Private Property CEO Simon Bray will tell delegates at the 2016 Property Portal Watch Conference in Madrid how the South African site achieved a 70 per cent listings growth by ending its disruptive business model.
Bray says Private Property, launched in 1998 started as a for-sale-by-owner website that aggressively competed with agents for sellers; “the last partner the South African real estate market wanted”.
But re-alignment of this strategy in 2009 brought about a significant transformation.
Making the change
“All portals ultimately rely on the support of their agent advertisers, the higher the level of support the better the metrics across the business,” Bray explains.
“Portals can secure this support through extortion or partnership.
“We embarked on the partnership route because the political dynamics in the South African market would always leave the door open for disruption from our own clients.”
Bray says the team also studied the industry-owned business model adopted by Funda in the Netherlands which points to the sustainable (and profitable) relationship a portal could have with its clients.
Despite having reasonable representation from several partners prior to reaching out to them, Bray says listing share strengthened further to a near 98 per cent once relationships had been formalized.
Partnership route pays off
This helped drive a 70 per cent overall growth in listings over a 12-month period and increased lead volumes by more than 35 per cent over the same period..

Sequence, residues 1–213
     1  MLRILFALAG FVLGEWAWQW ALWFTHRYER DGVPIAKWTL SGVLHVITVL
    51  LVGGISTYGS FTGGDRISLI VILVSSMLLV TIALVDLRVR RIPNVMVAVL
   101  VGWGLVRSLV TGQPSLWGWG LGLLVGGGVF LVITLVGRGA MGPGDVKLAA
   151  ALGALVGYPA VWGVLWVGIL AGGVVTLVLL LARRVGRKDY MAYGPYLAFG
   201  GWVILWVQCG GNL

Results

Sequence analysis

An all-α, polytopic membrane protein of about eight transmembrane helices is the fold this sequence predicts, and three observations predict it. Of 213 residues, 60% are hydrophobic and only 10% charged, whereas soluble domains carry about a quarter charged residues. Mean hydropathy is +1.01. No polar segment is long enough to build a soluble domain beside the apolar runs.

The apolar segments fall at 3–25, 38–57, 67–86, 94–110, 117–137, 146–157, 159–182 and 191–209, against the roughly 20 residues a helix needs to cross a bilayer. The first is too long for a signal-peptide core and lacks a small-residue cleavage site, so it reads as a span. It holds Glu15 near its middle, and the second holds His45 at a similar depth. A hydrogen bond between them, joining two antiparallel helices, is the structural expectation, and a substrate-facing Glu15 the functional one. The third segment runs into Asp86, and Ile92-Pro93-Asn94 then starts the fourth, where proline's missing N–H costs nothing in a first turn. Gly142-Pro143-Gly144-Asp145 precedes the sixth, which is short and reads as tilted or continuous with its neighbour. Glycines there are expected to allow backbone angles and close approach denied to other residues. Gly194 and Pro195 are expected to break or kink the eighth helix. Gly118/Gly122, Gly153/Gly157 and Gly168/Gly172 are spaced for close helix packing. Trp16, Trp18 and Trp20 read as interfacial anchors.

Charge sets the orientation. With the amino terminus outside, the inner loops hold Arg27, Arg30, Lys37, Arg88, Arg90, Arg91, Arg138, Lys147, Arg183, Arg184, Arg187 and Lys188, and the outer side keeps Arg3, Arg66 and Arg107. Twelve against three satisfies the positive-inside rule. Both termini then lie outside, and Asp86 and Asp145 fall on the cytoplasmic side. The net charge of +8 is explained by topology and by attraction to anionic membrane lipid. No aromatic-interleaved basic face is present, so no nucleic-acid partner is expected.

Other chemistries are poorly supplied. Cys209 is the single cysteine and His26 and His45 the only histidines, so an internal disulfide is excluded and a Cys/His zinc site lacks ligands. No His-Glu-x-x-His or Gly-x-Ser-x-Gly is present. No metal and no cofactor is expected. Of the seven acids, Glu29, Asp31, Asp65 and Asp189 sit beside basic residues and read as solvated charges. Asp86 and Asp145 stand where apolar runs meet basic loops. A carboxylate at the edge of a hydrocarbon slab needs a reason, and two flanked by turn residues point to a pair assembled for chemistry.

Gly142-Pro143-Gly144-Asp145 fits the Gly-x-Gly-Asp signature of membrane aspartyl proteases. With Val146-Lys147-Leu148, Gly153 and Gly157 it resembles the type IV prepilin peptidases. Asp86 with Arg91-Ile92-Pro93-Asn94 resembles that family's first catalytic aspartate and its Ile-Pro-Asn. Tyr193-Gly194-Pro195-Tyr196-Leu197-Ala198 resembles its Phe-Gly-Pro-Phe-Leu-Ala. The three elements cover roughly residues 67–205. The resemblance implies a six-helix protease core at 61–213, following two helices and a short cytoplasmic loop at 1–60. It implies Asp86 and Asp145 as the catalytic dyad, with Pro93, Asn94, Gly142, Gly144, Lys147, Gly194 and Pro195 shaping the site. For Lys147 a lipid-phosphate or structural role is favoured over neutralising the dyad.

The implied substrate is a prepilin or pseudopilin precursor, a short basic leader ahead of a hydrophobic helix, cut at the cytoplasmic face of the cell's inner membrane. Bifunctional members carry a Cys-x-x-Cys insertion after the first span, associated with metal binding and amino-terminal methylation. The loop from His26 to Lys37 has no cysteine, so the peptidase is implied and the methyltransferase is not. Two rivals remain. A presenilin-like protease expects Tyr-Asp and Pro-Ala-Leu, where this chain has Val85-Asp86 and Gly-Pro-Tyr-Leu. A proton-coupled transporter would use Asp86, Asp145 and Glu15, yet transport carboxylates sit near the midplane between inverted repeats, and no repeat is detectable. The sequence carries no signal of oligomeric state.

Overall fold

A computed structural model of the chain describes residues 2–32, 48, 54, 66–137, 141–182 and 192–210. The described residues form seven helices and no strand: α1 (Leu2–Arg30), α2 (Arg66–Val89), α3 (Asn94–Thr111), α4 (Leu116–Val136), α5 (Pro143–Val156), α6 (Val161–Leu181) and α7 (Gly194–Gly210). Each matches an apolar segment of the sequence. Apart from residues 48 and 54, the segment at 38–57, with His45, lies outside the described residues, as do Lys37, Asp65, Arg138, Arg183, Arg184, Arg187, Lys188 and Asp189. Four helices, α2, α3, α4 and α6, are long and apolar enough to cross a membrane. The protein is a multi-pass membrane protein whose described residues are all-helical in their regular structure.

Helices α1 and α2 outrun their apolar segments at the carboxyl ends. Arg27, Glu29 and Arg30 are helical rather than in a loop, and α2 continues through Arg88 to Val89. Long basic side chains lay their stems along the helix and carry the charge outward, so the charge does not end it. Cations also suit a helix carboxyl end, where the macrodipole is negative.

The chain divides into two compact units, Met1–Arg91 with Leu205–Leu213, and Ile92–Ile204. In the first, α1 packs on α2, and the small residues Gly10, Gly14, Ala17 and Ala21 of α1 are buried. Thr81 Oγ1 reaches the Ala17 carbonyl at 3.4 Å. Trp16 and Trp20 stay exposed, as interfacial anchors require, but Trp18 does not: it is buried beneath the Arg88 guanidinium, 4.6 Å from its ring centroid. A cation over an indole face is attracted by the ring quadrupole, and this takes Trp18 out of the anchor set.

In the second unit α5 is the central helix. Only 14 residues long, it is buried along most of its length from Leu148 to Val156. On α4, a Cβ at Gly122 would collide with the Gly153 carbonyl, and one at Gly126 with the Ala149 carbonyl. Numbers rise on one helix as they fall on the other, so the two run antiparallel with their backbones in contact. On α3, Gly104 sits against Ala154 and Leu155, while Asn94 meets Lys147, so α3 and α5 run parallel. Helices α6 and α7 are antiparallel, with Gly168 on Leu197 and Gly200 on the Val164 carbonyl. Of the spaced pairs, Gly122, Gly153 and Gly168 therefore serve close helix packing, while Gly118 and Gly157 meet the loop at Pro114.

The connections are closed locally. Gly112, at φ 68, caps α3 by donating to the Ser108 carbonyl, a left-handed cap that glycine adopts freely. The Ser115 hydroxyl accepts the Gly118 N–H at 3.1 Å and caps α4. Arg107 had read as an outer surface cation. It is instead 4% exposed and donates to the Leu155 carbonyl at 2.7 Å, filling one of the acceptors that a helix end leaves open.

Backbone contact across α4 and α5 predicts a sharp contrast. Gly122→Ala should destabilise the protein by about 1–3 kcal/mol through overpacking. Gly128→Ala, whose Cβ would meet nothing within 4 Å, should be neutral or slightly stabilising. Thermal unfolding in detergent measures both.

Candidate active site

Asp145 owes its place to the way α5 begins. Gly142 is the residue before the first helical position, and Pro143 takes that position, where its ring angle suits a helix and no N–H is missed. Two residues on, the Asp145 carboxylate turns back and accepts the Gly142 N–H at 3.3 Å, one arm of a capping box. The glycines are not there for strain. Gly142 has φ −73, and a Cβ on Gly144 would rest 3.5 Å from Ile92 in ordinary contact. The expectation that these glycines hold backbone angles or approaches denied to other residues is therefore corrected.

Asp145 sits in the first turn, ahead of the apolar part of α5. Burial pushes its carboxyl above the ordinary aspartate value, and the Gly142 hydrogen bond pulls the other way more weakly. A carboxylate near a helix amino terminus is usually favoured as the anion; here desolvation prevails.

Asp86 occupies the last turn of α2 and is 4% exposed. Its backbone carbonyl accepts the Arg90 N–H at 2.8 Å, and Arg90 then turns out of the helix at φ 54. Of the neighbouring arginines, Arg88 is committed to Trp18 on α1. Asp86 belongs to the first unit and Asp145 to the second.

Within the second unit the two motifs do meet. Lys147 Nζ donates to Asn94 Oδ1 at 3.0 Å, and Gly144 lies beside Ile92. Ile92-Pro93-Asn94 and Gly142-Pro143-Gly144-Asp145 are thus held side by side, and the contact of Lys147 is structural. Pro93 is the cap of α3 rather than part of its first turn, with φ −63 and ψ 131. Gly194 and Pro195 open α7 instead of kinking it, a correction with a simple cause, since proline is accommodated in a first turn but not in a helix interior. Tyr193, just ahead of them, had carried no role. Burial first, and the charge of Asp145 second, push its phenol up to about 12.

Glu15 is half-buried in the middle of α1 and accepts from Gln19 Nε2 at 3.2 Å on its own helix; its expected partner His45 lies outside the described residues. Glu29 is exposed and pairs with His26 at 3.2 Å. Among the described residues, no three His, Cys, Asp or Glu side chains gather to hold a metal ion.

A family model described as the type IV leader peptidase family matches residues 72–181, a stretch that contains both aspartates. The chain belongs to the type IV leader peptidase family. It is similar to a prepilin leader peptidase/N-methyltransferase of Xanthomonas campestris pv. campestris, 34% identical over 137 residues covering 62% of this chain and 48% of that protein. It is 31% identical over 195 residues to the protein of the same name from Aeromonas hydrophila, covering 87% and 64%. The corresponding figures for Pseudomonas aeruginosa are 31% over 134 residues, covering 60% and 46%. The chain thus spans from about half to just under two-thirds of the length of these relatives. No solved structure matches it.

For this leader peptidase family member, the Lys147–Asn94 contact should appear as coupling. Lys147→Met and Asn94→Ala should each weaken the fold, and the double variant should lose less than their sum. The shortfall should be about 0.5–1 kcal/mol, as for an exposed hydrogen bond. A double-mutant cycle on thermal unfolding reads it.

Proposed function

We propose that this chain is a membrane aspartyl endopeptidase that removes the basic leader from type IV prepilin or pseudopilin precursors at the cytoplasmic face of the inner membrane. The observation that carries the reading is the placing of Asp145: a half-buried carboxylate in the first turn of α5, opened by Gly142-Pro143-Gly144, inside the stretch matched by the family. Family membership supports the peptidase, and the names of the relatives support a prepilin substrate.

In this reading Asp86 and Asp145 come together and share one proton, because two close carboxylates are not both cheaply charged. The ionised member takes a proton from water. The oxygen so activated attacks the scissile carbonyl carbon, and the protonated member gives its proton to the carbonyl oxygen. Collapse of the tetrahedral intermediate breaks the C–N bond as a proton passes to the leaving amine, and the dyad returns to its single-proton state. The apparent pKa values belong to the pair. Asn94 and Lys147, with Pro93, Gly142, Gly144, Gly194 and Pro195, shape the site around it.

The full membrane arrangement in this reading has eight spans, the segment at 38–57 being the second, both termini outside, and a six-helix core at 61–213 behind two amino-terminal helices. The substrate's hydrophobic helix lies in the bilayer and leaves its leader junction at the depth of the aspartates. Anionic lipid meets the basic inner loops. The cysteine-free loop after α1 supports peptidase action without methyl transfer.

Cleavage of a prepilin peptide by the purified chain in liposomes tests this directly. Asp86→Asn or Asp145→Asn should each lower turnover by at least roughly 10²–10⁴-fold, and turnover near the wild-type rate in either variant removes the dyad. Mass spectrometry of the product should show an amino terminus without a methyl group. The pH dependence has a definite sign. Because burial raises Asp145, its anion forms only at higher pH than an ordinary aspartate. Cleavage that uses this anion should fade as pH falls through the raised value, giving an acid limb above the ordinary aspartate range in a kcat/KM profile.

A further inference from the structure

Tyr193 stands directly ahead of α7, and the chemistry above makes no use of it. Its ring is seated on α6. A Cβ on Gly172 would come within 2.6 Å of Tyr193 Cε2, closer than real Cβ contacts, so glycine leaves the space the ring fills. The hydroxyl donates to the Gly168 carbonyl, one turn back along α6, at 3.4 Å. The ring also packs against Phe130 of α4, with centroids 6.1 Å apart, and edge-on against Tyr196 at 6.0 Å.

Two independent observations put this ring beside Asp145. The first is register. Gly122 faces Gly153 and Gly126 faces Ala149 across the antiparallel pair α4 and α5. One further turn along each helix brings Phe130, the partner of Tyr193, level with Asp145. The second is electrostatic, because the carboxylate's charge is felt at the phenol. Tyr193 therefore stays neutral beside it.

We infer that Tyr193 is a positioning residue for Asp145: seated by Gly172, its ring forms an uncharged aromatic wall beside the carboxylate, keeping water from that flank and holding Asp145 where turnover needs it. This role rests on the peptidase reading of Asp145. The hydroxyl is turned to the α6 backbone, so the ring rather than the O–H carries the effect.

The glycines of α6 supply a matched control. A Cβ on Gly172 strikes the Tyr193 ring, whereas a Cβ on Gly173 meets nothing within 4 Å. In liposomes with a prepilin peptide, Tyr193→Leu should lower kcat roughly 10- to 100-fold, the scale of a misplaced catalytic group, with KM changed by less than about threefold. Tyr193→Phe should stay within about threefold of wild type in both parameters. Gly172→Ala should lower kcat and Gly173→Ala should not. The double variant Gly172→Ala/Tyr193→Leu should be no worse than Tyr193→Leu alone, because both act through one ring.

“If portals want to grow deep and offer real value to consumers and service providers, then they will need the buy-in and alignment of key players in the property value chain,” Bray says.
“Our partnership philosophy is as full-circle as it gets, if we can embrace the industry then I’d suggest any portal could.”
An entrepreneur who cut his teeth in the property development industry, Bray founded ‘Fusion’, an SAS business for the property market which is now the leading real estate management system in Southern Africa and a subsidiary of Private Property.
He says it was the sale of Fusion to Private Property that got him involved in the portal industry just over four years ago, first as head of product overseeing a complete system re-architecture, then as chief operations officer and more recently as CEO.
“The South African portal market has seen an exciting period of consolidation as the top two portals pulled away from the others and began competing fiercely with one another for the marketing dollar,” Bray relates.
“Real estate print advertising has survived longer than in other markets but the cracks are beginning to show.
“Marketing budgets in SA look poised to tip to digital over the next couple of years as agents have realised the value of competing for lead share on the portals."
Bray adds a local market quirk is the strength of the real estate brands, which have significant market share and political sway.
“Private Property has partnered with these brands to enhance competitiveness and unlock value chain opportunities,” he says.
Company culture the key
Bray sees his company’s differentiator as this philosophy of partnership and inclusiveness.
“We have worked hard to grow our business and our influence through engaging in the right partnerships including software, feed platforms, media relationships, content partnerships and the real estate brands,” he says.
“This approach is unique in what is usually a business environment fraught with hidden agendas and personal egos.
“A key driver of this market approach is our company culture. We are a group of passionate, down to earth people and I think this is the ultimate differentiator.
“We need to create a vertically-integrated platform business that leverages the strength of our many partners resulting in the best property search experience for our customers. We want Private Property to be a loved, household brand by 2020.”